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Inside the System

October 20, 2006 | Page 4

A celebration don't make it so

VIOLENCE IN Iraq is on the rise, and U.S. forces are facing increasing resistance attacks in Afghanistan. But that didn't stop congressional Republicans from setting aside millions to throw the Bush administration a "victory in Iraq and Afghanistan" party, according to recent reports.

Tucked into the fine print of the military spending bill for this past year was $20 million to pay for a celebration in Washington "for commemoration of success" in Iraq and Afghanistan.

Considering the way the "war on terror" has been going, it's no surprise that the money wasn't spent. But Congressional Republicans are hoping next year will give them a chance to celebrate. New military spending legislation approved by the Senate and House before their recess allows the $20 million to be rolled over into 2007.

The original legislation empowered the president to designate "a day of celebration" to commemorate the success of the armed forces in Afghanistan and Iraq and to "issue a proclamation calling on the people of the United States to observe that day with appropriate ceremonies and activities."

Democrats are calling attention to the measure now, in an attempt to embarrass Republicans a few weeks before the mid-term elections. But the legislation was approved in the Senate by unanimous consent, and by an overwhelming majority in the House.
-- New York Times, October 4, 2006

The field trip that got her fired

ART TEACHER Sydney McGee is out of a job--apparently because her fifth-grade students may have seen nude artworks on a field trip to a museum.

After 28 years of teaching, McGee is being pushed out from the Wilma Fisher Elementary School in Frisco, Texas, in the wake of a complaint the school received after she took her fifth-grade class to the Dallas Museum of Art.

The trip last April was approved by the principal, and the 89 students were accompanied by four other teachers, 12 parents and a museum docent. But the day after the field trip, McGee was called on the carpet by the principal. She later received a memo in which the principal, Nancy Lawson, wrote: "During a study trip that you planned for fifth graders, students were exposed to nude statues and other nude art representations."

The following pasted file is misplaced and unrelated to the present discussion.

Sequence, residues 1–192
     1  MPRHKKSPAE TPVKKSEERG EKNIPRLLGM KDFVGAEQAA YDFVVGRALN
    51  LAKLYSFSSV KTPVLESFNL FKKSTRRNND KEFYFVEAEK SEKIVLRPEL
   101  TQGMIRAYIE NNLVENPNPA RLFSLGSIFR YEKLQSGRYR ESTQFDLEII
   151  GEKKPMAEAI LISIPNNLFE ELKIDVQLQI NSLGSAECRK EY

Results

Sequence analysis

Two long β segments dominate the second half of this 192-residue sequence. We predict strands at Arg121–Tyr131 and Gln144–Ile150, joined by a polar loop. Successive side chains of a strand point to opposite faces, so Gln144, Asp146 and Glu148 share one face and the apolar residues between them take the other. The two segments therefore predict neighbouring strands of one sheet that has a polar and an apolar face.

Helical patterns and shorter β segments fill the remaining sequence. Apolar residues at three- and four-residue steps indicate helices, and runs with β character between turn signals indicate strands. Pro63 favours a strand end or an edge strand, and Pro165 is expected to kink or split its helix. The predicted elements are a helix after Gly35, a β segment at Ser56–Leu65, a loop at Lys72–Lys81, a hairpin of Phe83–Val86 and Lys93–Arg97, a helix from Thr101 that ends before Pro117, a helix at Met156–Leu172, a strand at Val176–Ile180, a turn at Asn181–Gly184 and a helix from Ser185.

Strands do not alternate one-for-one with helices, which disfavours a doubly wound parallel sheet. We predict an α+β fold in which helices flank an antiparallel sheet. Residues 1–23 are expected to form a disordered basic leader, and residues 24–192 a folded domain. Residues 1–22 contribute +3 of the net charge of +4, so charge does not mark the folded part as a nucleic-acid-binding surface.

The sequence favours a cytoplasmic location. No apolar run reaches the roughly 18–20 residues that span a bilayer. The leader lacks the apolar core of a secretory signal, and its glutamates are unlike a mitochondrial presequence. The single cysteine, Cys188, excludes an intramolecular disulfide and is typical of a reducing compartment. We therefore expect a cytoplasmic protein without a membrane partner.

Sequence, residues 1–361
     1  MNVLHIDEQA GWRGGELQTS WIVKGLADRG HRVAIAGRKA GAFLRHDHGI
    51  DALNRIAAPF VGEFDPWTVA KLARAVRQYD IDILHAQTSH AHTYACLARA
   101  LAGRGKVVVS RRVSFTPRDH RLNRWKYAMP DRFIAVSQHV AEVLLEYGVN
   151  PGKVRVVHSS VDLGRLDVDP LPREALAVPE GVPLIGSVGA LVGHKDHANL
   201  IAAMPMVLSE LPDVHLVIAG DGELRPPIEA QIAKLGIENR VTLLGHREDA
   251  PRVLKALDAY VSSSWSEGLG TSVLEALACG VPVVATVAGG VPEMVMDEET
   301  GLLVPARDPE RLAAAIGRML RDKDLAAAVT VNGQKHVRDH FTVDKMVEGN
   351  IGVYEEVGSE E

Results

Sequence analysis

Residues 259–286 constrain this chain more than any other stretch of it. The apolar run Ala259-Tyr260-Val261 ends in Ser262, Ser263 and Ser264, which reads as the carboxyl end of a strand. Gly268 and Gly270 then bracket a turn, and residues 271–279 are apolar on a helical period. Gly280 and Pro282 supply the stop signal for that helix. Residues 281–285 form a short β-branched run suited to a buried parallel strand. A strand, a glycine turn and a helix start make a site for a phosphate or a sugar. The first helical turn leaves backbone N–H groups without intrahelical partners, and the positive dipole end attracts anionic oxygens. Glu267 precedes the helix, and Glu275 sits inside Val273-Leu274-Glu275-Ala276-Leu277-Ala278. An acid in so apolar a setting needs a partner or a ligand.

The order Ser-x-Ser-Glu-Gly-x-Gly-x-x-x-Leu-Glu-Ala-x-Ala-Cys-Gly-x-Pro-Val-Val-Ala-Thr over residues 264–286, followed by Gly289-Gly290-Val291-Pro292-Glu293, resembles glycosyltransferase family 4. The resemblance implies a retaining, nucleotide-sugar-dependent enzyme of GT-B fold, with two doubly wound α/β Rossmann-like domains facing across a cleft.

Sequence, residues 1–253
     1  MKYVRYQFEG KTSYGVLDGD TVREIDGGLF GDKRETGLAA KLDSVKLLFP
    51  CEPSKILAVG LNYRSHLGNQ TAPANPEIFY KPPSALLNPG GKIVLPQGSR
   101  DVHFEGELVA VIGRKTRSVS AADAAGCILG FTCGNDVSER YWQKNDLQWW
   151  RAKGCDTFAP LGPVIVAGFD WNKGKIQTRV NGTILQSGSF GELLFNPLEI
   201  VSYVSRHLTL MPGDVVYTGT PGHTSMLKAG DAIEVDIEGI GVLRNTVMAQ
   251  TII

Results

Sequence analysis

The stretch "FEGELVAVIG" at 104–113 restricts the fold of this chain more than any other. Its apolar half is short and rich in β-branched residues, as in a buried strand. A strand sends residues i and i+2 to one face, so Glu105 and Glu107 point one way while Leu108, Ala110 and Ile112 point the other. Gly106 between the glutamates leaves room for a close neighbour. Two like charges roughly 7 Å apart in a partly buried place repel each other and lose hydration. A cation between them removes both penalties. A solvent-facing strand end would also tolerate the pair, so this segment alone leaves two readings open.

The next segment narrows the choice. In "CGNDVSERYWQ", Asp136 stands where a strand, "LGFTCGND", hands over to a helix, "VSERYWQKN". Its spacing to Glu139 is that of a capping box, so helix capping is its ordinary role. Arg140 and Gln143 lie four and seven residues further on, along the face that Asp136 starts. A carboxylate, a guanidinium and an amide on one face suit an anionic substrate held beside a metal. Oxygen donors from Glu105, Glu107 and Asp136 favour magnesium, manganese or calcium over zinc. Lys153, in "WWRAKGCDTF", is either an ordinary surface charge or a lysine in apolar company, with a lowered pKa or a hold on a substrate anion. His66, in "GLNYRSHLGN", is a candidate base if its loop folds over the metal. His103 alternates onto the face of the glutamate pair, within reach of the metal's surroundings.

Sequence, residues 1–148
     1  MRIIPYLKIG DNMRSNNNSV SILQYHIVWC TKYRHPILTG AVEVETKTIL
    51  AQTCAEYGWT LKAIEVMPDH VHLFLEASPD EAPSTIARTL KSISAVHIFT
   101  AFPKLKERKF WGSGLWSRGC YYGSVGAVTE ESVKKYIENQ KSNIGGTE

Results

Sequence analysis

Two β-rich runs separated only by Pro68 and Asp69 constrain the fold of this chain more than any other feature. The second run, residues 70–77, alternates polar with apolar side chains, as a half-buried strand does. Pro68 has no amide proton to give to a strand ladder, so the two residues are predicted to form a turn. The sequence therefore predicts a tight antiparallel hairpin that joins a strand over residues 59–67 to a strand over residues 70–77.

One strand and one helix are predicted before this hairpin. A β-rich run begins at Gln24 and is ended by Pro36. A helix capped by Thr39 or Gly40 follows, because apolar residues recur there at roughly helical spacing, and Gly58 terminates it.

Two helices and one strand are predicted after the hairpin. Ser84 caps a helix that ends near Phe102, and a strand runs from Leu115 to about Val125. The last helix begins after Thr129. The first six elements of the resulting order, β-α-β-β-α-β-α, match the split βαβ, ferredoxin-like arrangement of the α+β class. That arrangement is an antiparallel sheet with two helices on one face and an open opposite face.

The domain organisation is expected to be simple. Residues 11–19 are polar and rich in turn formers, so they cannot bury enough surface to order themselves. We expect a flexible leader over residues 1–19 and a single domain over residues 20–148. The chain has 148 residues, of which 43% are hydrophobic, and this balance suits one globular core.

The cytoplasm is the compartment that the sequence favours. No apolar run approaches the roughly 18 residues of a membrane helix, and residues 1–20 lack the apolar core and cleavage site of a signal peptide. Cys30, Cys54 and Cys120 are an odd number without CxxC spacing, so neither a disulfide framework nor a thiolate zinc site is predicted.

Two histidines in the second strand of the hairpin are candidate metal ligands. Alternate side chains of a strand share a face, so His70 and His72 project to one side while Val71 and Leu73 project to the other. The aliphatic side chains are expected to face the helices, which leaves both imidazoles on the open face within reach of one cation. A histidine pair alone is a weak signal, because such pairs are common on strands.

No specific artwork was singled out, but some of the possibly "offensive" works on the field trip might have included: a marble torso of a Greek youth from a funerary relief, from around 330 B.C.; "Shade," a work by sculptor Auguste Rodin; "Flora" by sculptor Aristide Maillol; and Jean Arp's "Star in a Dream."

Since then, McGee has been suspended, denied transfer to another school in the district and told that her contract would not be renewed.

A representative of the Texas State Teachers Association calls it "the first 'nudity-in-a-museum case' we have seen." "Teachers get in trouble for a variety of reasons," said the association's general counsel, Kevin Lungwitz, "but I've never heard of a teacher getting in trouble for taking her kiddoes on an approved trip to an art museum."

The principal and superintendent claim that "no teacher's job status...would be jeopardized based on students' incidental viewing of nude art," but McGee points out that her past job evaluations had been superior--and only turned negative after the museum trip.

Many parents are coming to McGee's defense. "I thought she was the greatest," parent Maijken Kozcara said. But "knowing Texas, the way things work here" she said, "I wasn't really amazed."
-- New York Times, October 2, 2006

Heard it through the grapevine

"WHY DOES it surface only at a moment to do maximum damage to Republicans, and in a way that is absolutely designed politically?"
-- Former House Speaker Newt Gingrich, implying that the Democrats are to blame for the Mark Foley scandal

"OPEN OR suspected homosexuals should never be elected. The problem with homosexuals is that they frequently don't have common sense and don't acknowledge appropriate boundaries. Weird sex, public displays of 'affection' and nudity, and sex with youth are built into the 'gay' sub-culture."
-- Linda Harvey, president of the Christian Right organization Mission America, on what she blames for the Foley scandal

"IT'S HARD for Americans, all of us, including me, to understand what's wrong with these people...Why do Sunnis kill Shiites? How do they tell the difference? They all look the same to me."
-- Sen. Trent Lott (R-Miss.), on sectarian violence in Iraq

"IT'S A lot safer than it was when he didn't go the first time."
-- Former Texas Lt. Gov. Ben Barnes, when asked if he had any advice for George Bush as he prepares for his first-ever trip to Vietnam

"ONE OF the hardest parts of my job is to connect Iraq to the war on terror."
-- George Bush

"I LIKE to tell people when the final history is written on Iraq, it will look like just a comma, because there is--my point is, there's a strong will for democracy."
-- Bush

"ONE HAS a stronger hand when there's more people playing your same cards."
-- Bush, on holding six-party talks with North Korea

"THIS POLICY of the current administration is no carrots and no sticks, and the rabid rabbit is charging full speed ahead with no effective restraint."
-- Sen. Hillary Rodham Clinton (D-N.Y.) on Bush's North Korea policy

"I HOPE she's the candidate because nothing will energize my [constituency] like Hillary Clinton. If Lucifer ran, he wouldn't."
-- Rev. Jerry Falwell, on a possible Clinton run for president

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